Whārangi 1: Biography
Convict, policeman, brothel-keeper
I tuhia tēnei haurongo e David Green, ā, i tāngia tuatahitia ki Ngā Tāngata Taumata Rau i te 1990.
Martin Cash, the son of Margaret and George Cash, was baptised on 10 October 1808 at Enniscorthy, County Wexford, Ireland. He worked there as a farm labourer until March 1827, when he was convicted of housebreaking. Sentenced to seven years' transportation, he served his time as a farm worker in the Hunter Valley of New South Wales, Australia, then in 1837 moved to Van Diemen's Land (Tasmania) with a neighbour's wife, Bessie Clifford. In 1840 he was sentenced to seven years' imprisonment for the theft of eggs valued at a shilling. In the next three years he escaped from gaol three times, on the last occasion from the Port Arthur gaol by swimming shark-infested seas with two comrades. The three outlaws survived by raiding homesteads and settlements to obtain food, money and ammunition.
Cash's good manners and penchant for robbing the rich earned him the sobriquet 'The Robin Hood of Van Diemen's Land'. He was recaptured, in mid 1843, after the news that his beloved Bessie had left him for another provoked him to look for her in Hobart. Sentenced to death for killing a constable while trying to evade arrest, Cash gained a last-minute reprieve and was sent to Norfolk Island for 10 years. Here he was a model prisoner. He was given some responsibility and was allowed to marry a fellow convict, Mary Bennett, on 14 May 1854. Later in 1854 he was granted a ticket of leave, returned to Van Diemen's Land, and became a constable at the Cascades penal settlement. He also worked as an overseer at the government gardens in Hobart, before being conditionally pardoned in 1856. Subsequently he moved to New Zealand, leaving his wife and an infant son in Tasmania.
In 1860 Cash came to public attention in Christchurch as a constable in the Canterbury Province Armed Police Force, which it appears he had joined the previous year. This gave him inside information useful in his main line of work, brothel-keeping. However, his colleagues had become suspicious of him, and united to convince officials that his identity and activities should be investigated. In March 1860 Cash was sacked and fined for keeping a brothel, amid fears that many others like him might have chosen to come to New Zealand after the decline of the Australian goldfields.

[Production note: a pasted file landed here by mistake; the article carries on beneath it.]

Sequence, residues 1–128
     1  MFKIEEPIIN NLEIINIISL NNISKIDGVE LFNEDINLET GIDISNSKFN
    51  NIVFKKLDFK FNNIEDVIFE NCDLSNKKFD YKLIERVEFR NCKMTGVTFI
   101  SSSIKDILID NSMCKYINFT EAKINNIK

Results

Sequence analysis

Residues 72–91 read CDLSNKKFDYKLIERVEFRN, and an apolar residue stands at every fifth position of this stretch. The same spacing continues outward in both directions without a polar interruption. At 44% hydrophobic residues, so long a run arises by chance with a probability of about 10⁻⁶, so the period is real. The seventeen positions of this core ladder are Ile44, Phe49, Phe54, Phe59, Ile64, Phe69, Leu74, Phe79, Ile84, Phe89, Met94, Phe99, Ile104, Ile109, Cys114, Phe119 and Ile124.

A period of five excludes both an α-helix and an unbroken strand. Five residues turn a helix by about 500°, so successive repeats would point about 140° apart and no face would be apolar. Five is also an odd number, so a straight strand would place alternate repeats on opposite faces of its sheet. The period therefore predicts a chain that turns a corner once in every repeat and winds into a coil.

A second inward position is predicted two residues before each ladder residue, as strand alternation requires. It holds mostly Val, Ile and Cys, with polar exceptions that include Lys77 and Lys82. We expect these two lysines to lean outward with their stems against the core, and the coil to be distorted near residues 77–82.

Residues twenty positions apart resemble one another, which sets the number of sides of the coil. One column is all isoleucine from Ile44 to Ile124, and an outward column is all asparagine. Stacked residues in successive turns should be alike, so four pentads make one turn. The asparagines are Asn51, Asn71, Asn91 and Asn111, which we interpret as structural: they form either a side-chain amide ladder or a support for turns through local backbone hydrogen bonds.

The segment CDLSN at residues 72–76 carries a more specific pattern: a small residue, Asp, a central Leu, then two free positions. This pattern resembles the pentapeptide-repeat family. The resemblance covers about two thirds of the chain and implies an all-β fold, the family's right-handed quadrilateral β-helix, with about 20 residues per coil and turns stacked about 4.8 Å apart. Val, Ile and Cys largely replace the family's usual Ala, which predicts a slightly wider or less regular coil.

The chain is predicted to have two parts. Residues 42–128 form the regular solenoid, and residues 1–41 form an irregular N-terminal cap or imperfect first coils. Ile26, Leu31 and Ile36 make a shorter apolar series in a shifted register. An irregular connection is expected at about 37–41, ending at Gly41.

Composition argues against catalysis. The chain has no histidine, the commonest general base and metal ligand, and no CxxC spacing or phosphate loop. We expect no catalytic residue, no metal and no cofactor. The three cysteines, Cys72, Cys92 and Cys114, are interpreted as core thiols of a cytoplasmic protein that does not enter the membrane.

Details about Cash's activities after this date are scarce. He appears to have visited Tasmania at the end of 1860, but had returned to New Zealand by December 1862. According to one account he continued to operate several brothels in Christchurch's red light district, around Salisbury Street, including the notorious 'Red House', and regularly featured in the court news until unwelcome police attention encouraged him to try his luck on the Otago goldfields. There he is supposed to have been detected by the Otago police, and 'advised' to leave the province. According to this story he soon returned to Christchurch, withdrew his ill-gotten savings (allegedly about £2,000) from the bank, and returned to Tasmania. Here in May 1863 he bought a small farm at Glenorchy, a few miles from Hobart, where he lived with his wife and son. Towards the end of his life he narrated his autobiography to James Lester Burke, who edited and published it in 1870 under the title The adventures of Martin Cash. He died on 27 August 1877 from 'Fatty degeneration of Heart with Inflammation of Stomach and Intestines accelerated by Intemperance'.